Creatures evolve in ways that increase the likelihood of survival. For humans, such changes now extend past our physical form, allowing our minds to embrace this era of technological evolution we incited long ago. Yet, as the rate of innovation increases dramatically with the birth of every new gadget, marketers and the brands they support must also evolve at breakneck speed in order to remain relevant.
Because the consumer landscape has changed so drastically in a relatively short period of time, marketers are no longer bound by channels. Instead, leaders in the space now work to develop relevant, personalized, and data-driven campaigns that allow their brands to respond quickly and adapt to market demands. Where marketers were once responsible for disseminating their brand's message to the masses, the majority now pauses to collect feedback from customers, taking in much more than they could ever dish out. The modern marketer listens more than they talk, allowing them to cultivate informed strategies that connect with consumers on a deeper level. Money no longer does all the talking-the consumers do.
"For literally the last half of the 20th century, a marketer's job was pretty clear: Pay an ad agency a ton of money to have an idea, produce expensive TV and radio commercials, spend even more money on print media, and hope the idea he came up with resonated with his customer," says Jane Paolucci, vice president of global marketing and communications for Sitecore. "No one knew what worked and what didn't, there was no dialogue with consumers beyond the focus group, and only one thing was certain-if you wanted your campaign to be more effective, you should spend more money."
But, over the past decade, the average marketer's focus has shifted. While the brand still matters, and marketers must still actively work to develop brand awareness and relevance, they must also now interact with consumers directly to build rapport and move the conversation forward. Paolucci emphasizes that marketers need to have a clear picture of their customer and engage with them in a personalized, relevant fashion to help drive the customer's success and their brand's success simultaneously. Ultimately, marketers aim to nurture and encourage lifelong customers.
Tom Wentworth, CMO at Acquia, believes marketers now occupy a thought leadership position within their organizations, as they are responsible for releasing ideas out into the open and connecting with consumers across mediums. Yet, while social media and mobile offer vast amounts of insight, many companies still operate within silos, causing a fragmented view of the consumer. Such organizations fail to develop the infrastructure necessary to maintain the omnichannel experience customers have come to expect and demand. Marketers of yesteryear functioned within a funnel, but according to Wentworth, today's marketing interactions more closely resemble a plate of spaghetti. There are multiple customer touchpoints that intertwine, eliminating the traditional funnel and replacing it with the need to develop consistency no matter which channel consumers prefer.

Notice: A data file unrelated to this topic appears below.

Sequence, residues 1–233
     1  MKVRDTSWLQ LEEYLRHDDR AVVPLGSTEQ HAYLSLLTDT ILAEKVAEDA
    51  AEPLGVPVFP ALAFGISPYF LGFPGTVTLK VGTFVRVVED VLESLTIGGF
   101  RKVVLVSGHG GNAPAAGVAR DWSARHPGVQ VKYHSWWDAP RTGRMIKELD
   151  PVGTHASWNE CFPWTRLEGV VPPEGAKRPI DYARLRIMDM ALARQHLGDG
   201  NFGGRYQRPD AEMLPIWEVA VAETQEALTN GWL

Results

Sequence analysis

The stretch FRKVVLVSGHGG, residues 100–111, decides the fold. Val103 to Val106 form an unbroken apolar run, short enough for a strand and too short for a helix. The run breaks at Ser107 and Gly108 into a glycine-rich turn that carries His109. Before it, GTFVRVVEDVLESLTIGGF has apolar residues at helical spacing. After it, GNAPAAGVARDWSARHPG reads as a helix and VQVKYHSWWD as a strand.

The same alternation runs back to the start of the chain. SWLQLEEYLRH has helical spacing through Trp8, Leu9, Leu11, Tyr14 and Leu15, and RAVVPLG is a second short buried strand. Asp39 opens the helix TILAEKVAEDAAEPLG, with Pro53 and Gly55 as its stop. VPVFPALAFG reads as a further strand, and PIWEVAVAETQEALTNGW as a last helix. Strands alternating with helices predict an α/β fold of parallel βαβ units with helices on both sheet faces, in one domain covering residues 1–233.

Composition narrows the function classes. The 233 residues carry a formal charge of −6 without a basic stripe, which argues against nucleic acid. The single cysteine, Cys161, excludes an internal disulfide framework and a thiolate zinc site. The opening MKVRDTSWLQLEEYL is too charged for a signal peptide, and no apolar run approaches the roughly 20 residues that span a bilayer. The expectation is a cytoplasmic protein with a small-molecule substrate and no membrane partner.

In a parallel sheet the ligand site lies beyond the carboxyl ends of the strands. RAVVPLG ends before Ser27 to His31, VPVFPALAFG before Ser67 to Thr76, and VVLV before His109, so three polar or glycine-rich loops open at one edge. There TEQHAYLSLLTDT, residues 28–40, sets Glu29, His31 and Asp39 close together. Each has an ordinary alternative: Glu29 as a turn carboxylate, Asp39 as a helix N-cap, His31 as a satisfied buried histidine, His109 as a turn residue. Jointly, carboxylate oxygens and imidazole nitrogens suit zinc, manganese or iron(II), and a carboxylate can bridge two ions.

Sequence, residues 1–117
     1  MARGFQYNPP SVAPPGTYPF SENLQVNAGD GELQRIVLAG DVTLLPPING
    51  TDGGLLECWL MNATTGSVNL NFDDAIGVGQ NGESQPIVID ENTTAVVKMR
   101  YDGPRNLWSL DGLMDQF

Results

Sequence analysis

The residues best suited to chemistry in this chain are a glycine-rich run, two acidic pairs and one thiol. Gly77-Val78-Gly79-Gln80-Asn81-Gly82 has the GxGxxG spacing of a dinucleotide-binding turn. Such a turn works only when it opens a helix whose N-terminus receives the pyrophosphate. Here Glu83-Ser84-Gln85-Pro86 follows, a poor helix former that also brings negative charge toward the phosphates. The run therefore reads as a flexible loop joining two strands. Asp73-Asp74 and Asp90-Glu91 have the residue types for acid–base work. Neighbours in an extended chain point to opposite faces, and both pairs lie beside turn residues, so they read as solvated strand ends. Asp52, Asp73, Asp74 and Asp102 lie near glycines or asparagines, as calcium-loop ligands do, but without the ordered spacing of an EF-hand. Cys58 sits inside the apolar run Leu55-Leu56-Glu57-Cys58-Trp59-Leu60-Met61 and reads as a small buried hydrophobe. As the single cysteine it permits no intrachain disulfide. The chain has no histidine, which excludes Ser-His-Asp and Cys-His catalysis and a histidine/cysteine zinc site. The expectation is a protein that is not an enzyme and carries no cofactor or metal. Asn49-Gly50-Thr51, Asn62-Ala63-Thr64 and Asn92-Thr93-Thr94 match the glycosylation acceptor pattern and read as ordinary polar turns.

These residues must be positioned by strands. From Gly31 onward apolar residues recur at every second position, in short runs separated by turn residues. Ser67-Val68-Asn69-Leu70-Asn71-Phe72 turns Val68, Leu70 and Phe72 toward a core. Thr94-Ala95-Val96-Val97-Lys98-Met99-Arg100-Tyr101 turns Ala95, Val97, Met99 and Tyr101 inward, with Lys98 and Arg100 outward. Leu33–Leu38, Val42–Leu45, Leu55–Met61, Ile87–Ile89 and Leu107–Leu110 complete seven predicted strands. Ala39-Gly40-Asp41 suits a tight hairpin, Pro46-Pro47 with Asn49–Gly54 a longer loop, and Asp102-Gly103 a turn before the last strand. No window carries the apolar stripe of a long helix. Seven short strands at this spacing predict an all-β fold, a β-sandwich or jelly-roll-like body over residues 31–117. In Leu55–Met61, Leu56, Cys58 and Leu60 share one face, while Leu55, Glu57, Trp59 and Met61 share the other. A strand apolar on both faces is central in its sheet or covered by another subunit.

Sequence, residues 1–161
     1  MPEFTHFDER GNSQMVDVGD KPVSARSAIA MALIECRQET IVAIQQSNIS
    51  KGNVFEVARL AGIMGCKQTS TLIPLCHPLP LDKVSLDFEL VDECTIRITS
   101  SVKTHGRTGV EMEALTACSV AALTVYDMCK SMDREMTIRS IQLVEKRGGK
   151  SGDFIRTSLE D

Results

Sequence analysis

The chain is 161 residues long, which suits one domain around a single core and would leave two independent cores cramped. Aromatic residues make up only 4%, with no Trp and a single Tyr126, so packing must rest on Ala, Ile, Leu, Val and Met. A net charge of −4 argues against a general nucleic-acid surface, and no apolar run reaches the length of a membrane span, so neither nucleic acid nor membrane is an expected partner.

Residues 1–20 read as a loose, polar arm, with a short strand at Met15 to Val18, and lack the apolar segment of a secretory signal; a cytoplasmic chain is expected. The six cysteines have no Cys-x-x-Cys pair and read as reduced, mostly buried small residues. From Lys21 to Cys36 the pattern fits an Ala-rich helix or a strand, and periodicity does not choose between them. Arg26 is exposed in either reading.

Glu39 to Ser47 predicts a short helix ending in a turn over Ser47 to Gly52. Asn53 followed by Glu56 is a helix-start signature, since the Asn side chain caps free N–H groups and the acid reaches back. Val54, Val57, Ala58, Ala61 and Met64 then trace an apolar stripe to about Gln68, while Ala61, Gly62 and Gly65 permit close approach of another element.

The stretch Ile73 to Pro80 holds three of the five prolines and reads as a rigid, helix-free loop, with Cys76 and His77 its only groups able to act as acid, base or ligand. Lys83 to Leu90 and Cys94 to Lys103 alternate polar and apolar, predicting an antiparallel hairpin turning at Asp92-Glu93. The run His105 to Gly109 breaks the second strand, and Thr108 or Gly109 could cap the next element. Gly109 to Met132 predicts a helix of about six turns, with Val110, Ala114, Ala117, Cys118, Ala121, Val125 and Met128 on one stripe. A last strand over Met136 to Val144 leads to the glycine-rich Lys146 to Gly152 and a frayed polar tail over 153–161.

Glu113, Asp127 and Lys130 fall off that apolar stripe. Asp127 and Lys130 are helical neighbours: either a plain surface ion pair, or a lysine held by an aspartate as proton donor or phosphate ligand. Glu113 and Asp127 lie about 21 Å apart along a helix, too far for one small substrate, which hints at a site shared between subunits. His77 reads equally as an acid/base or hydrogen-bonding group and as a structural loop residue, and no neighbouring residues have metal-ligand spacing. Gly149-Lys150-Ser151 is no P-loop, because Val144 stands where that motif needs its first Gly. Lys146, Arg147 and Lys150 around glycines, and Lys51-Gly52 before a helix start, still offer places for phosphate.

For instance, in years past, business students and future marketers typically learned about the Four Ps of marketing-product, place, price, and promotion. However, as Eric Courville, vice president of marketing and corporate development at North Plains, highlights, marketing is no longer linear, requiring marketers to reassess their strategic approach. Instead, Courville believes marketers must operate under the Four "Rs":
- REACH the audience by inserting yourself and your brand into the conversation.
- Develop a RELEVANT message by understanding your target audience.
- Generate REACTIONS by creating a compelling call-to-action and be responsive.
- Be RESPONSIBLE by ensuring your message aligns and complies with your corporate brand.
According to Kim Ann King, CMO of SiteSpect, the proliferation of contact channels is both a blessing and a curse for the modern marketer. While it's a blessing because marketers can track every behavior on the Web, creating data that can be mined to identify trends, engage customers, and analyze areas for improvement, it's a curse because the Web opens up so many ways to reach customers, making it mind-boggling to select the right sites, tools, and channels to use.
King emphasizes that the modern marketer requires much more organization, data analysis skills, and the ability to juggle numerous responsibilities. However, to succeed, marketers must also revisit the skills that carried them thus far and allow their lessons to inform current and future strategies. "Don't despair," King says. "What got you to where you are can help you get to where you need to go, as long as you continually update your skills and leverage your strengths. But if you stay still, you're doomed to be obsolete in no time. No person can rest on their current skill set or past achievements and remain in the game for long."
Bob Buch, CEO of SocialWire, notes that some of today's most successful and skilled marketers are practically data scientists. These individuals are obsessed with metrics, measurement, and data, as they look to immerse themselves in feedback and analyze consumer information from every angle. Though the growing number of contact channels presents new challenges for the modern marketer, the data collected also offers new opportunities to develop specialized campaigns they never could've attempted through older technologies. The modern marketer must not only exhibit the creative nature of yesterday, but also incorporate the analytical prowess of today. In tandem, these skills will enable leaders across industries to develop personalized strategies that target each consumer with a new level of accuracy and relevance as they work to cultivate loyalty and brand advocacy.